Can startups teach big companies a lesson around mental health?

Earlier this month, the press and social media were awash with coverage and posts around World Mental Health Day. I was so busy with clients on the day that I didn't manage to read as much as I wanted so, up in the Highlands for our annual autumn break I’ve taken a bit of time out alongside the R&R to scratch the surface on a pervasive issue that touches most of us in some way.  

A Mental Health Foundation study this year found that almost three quarters of people in the UK have felt so stressed that they have been “overwhelmed or unable to cope.”  If you’ve been in that kind of spot, I know I have, it can be a horrible place to be.  When I reached out to a few contacts on Scotland’s startup scene, it was encouraging to hear that what many of them are doing to address mental health in an open way could help turn the historical stigma surrounding mental health a thing of the past.

One social media post had stuck with me, from MadeBrave founding director Andrew Dobbie, who said “Mental health issues don't just affect the people with them but also those around them who support them, and it’s okay to talk about it. If friends of mine are struggling and ever need to talk - just say the word.” 

Edinburgh startup Cultivate, who support tech companies like Deliveroo and Care Sourcer around software development, is ahead of the curve in terms of how it handles one of the 21st century’s gravest ills.  Andy Robinson, Cultivate’s Commercial Director, says: “We want to create an environment that supports people and allows them to do their best work.  Emotional wellbeing plays a key role in this and so we have been providing optional, confidential cognitive behavioural therapy for a few years now.  This gives our people a tool which which they can proactively develop behaviours that help them both personally and professionally.”

Francisca Morton, a cognitive behavioural psychotherapist who works with Cultivate employees on a weekly basis at CodeBase, crystallises the importance of mental health awareness for employees and employers alike: “Mental and emotional health is invaluable and, for employees, working for a company that knows that and actively participates can count for a lot. The inclusion of a corporate wellness scheme has proved an attractive proposition for prospective employees entering the company, showing that it has a commitment to staff wellbeing. It is my belief that even if one employee is assisted towards their wellbeing, there is a knock on effect within the company as a whole.”

Lisa Thomson of Purpose HR agrees and says forward thinking employers recognise that their employees are human with personal issues that “can’t be taken off like a coat” when they leave the office.  Thomson adds: “It’s really important for founders and managing teams in startups to be open, practice self-care and look after their own mental and physical health as running a business is incredibly demanding.  Leading from the front and being open and transparent can be really powerful and helpful for the team.”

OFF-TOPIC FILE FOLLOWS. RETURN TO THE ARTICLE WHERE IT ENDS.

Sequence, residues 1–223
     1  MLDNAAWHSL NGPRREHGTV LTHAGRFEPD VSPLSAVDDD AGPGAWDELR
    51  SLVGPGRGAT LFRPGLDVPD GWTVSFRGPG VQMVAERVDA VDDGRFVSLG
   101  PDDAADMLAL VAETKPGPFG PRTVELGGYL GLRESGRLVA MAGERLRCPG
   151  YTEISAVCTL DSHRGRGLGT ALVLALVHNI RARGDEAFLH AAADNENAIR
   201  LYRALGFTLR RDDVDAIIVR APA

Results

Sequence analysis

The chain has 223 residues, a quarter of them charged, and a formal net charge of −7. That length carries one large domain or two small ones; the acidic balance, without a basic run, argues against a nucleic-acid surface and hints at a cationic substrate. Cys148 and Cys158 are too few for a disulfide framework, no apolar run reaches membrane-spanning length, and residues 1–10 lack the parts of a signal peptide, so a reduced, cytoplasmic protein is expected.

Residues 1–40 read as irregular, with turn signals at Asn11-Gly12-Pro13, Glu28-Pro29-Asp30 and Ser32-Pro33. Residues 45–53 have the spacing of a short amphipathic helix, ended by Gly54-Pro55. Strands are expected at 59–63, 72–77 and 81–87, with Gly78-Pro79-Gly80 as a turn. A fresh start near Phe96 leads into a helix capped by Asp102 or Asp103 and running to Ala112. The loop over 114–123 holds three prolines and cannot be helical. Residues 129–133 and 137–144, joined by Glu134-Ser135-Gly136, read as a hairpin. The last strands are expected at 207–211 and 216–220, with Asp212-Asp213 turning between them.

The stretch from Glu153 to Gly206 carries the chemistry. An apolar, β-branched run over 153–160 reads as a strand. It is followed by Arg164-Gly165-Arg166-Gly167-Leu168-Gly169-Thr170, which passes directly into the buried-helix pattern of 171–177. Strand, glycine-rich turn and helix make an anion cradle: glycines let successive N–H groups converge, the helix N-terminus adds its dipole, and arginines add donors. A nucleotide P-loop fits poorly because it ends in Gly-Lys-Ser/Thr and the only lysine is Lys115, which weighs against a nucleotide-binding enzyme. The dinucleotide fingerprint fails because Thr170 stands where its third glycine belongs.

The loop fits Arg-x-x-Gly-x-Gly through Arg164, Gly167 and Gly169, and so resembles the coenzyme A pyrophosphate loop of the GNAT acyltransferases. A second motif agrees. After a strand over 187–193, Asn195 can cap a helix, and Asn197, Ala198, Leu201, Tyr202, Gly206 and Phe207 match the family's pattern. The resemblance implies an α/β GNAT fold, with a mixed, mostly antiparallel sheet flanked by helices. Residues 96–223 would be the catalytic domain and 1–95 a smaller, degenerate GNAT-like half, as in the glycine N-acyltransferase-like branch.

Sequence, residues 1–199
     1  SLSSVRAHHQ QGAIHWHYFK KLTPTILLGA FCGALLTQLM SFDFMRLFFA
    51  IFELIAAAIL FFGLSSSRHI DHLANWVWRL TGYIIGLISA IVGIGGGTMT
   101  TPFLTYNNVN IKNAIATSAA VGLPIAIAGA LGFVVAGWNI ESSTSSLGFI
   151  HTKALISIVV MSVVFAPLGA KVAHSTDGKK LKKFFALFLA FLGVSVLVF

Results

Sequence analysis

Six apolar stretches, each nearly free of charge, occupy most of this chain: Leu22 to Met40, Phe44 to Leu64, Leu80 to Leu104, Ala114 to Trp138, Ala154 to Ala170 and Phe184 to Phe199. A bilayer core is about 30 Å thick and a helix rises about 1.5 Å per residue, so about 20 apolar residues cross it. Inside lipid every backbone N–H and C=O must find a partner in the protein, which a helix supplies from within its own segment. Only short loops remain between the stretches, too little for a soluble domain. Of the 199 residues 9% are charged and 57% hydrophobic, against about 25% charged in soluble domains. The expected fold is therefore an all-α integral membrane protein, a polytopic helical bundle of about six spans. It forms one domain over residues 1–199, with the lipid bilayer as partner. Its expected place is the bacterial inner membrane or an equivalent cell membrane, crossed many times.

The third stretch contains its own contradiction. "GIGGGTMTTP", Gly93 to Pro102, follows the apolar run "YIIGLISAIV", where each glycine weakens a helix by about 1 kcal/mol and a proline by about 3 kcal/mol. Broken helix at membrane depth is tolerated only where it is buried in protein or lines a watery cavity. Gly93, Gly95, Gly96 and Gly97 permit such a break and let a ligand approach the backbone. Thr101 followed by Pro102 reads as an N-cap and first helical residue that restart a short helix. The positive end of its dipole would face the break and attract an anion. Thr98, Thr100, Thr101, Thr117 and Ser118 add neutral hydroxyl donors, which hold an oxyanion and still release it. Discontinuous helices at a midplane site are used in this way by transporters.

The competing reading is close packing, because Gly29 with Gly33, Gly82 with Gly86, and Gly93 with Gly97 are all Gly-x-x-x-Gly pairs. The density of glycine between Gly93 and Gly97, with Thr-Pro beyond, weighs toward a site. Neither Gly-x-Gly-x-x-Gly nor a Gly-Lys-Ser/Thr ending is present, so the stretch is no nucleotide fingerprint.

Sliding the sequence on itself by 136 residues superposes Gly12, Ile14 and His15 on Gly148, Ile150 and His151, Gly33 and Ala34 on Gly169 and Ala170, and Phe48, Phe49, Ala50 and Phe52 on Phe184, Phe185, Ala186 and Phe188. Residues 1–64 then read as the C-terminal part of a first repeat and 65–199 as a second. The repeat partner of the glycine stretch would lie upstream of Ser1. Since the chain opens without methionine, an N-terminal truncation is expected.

Administrate CEO John Peebles underscores Thomson’s point: “Mental health affects young people and entrepreneurs more than the general population.  When you’re building a fast-growing startup, this means that up to half of your team may be struggling at any given time.  In a software company like Administrate, people are our most important asset and in order to help with mental health issues, we have a licensed therapist come in every other week to help our team with any issues they’re facing.  It’s free, completely confidential, close to our offices and safe and we’ve seen incredible results over the last few years.”

Paul Reid, who sold his first startup to a FTSE 100 company and whose latest venture Trickle is developing a software tool to track corporate culture so that organisations can engender bottom-up improvement, is well informed on the subject.  He tells me that when colleagues suffer from mental health issues such as stress or depression, they may not be fully aware until the symptoms reach breaking point.  

Reid says that while the startup sector can be an exciting space, the flip side is how much of a toll it can take on individuals.  Reid says companies need to be prepared to rapidly spot mental health issues in the team and then support people through recovery.  “The last thing you want”, says Reid, “is a situation where a person doesn’t feel they can flag that they’re having problems.”

The upshot appears to be that the startup community in Scotland is, excuse the pun, extremely mindful when it comes to mental health in the workplace, so much so that perhaps larger, more established corporates can learn lessons from its practices.